Science project

The Biodegradability of an Allelopathic Chemical in Soil

Research Questions:

  • What is allelopathy and juglone?
  • What is the meaning of the term biodegradable?
  • Does the allelopathic chemical produced by the black walnut tree biodegrade immediately once it enters the soil?
  • Does the allelopathic chemical produced by the black walnut tree tend to persist in the soil over an extended period of time?
  • How did the allelopathic chemical juglone react with the tomato plants?


  • Tomato plant seeds
  • Small flower pots (or plastic cups)
  • Distilled water
  • Black walnut (leaves, bark, or roots), which can be obtained on Amazon, or check with your local homeopathic store or plant nursery
  • Metric measuring cup
  • Plastic tablespoon
  • Potting soil

Experimental Procedure:

  1. Set up 10 small flower pots (or cups with holes made in the bottom for drainage), and fill with soil.
  2. Using a marking pen, label each pot as follows:
    • Soil + Control day 1 and Soil + Juglone day 1
    • Soil + Control day 2 and Soil + Juglone day 2
    • Soil + Control day 3 and Soil + Juglone day 3
    • Soil + Control day 4 and Soil + Juglone day 4
    • Soil + Control day 5 and Soil + Juglone day 5
  3. Place 20 black walnut leaves, bark, or roots in a large pot and fill the pot half full with distilled water.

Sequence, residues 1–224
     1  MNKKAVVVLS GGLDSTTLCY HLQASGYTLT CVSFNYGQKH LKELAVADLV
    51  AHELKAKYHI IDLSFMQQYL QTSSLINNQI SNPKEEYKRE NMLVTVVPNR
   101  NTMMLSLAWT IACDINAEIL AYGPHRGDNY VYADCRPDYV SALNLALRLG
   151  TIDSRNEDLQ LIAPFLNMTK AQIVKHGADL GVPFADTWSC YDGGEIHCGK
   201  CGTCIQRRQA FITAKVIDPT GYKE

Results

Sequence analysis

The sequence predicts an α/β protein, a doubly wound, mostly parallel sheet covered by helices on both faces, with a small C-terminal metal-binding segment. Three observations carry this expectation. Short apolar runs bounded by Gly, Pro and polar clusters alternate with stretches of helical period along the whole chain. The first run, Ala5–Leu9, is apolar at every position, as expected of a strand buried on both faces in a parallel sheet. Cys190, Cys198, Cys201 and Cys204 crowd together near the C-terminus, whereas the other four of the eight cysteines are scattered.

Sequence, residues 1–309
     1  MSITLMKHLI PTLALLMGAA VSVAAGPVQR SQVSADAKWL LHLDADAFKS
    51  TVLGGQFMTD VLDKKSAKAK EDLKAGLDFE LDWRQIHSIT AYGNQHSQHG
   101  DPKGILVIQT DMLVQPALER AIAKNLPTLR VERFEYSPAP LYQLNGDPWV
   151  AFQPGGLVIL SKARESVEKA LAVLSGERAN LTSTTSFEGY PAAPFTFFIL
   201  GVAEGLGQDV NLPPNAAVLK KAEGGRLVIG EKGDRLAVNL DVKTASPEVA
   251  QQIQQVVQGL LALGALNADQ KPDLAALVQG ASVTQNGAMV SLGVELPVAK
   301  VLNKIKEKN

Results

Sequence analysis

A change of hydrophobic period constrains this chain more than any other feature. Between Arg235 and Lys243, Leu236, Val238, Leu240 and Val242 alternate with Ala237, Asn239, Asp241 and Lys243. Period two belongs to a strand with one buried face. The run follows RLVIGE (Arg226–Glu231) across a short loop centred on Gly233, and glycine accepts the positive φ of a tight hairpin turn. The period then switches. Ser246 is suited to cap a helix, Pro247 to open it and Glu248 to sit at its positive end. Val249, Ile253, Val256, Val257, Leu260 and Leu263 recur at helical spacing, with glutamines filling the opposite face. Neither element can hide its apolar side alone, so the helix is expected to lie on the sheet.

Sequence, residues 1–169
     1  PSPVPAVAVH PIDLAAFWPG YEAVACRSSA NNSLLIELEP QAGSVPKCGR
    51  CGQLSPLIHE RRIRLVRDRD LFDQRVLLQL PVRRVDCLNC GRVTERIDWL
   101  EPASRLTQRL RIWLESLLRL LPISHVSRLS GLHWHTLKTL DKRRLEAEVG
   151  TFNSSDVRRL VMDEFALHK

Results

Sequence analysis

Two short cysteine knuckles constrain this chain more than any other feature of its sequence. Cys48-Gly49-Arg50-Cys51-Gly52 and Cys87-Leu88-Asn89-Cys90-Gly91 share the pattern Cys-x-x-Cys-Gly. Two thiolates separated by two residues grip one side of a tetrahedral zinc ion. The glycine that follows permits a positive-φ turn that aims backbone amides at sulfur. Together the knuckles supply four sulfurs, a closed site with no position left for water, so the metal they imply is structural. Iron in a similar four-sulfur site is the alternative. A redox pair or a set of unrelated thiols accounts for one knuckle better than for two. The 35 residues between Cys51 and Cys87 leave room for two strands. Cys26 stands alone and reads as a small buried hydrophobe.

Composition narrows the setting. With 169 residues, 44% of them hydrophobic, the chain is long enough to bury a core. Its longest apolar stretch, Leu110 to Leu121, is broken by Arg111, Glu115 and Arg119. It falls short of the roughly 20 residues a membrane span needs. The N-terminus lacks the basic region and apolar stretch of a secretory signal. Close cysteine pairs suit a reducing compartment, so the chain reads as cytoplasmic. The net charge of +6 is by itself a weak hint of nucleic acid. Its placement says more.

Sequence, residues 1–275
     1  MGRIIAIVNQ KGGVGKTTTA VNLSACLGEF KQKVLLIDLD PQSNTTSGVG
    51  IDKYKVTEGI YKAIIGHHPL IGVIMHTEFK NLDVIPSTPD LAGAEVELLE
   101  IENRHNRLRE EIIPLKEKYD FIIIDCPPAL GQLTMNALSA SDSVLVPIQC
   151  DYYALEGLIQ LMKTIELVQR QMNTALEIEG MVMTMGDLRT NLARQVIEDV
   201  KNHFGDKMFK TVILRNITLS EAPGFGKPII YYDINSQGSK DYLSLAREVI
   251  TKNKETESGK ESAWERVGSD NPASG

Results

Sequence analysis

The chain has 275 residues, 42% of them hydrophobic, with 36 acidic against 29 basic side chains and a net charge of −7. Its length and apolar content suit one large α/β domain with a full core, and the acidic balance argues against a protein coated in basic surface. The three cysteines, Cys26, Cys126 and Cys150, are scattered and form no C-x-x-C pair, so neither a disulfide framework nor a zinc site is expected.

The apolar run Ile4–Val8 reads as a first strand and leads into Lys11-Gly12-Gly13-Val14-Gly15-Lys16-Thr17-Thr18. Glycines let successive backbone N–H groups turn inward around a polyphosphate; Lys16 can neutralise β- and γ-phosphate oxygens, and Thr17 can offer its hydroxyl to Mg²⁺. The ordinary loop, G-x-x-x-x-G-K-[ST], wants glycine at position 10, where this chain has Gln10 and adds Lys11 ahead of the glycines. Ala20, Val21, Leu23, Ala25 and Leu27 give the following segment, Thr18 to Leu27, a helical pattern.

4. Bring the leaf-water mixture to a boil. Boil the leaves and water for about 10 minutes. After 10 minutes, use a large spoon to remove the leaves from the water.
  5. Continue to boil the now extracted juglone solution for 20 minutes.
  6. After 20 minutes, allow the liquid to cool completely.
  7. Once the liquid has cooled, pour equal amounts of the solution into the five juglone labeled flower pots.
  8. Pour the same amount of plain distilled water into each control soil pot.
  9. Do not add excessive amounts of juglone to the point where the soil becomes muddy!
  10. Using a plastic spoon stir the mixture.
  11. Add one or two tomato seeds to both the control and the juglone soil pots labeled “day one,” and place them in a sunny location.
  12. The next day, place a tomato seed(s) in the soil labeled juglone “day two” and its corresponding control.
  13. Repeat the same procedure with the remaining soil pots over the next three days.
  14. If the soils appear to be drying out, moisturize with a small amount of distilled water.
  15. Record in which soil pot the tomato seed began to germinate, if any, and compare it to the growth seen in the control.
  16. Enter the results of the observation in a data table.
  17. As an extension project, on day six, begin measuring the heights of the tomato plants that have begun to grow, if the juglone did not prevent their germination.
  18. The data in the table can be visually displayed by plotting a bar graph of allelopathic chemical soil biodegradable vs. time on graph paper or a computer equipped with Excel, by listing the height along the vertical axis verses the length of time the juglone was in the soil along the horizontal axis.

Terms/Concepts: biodegradable, allelopathy, juglone, allelopathic effect, walnut toxicity, Black Walnut Tree, Do allelopathic substances tend to biodegrade in soil over time?


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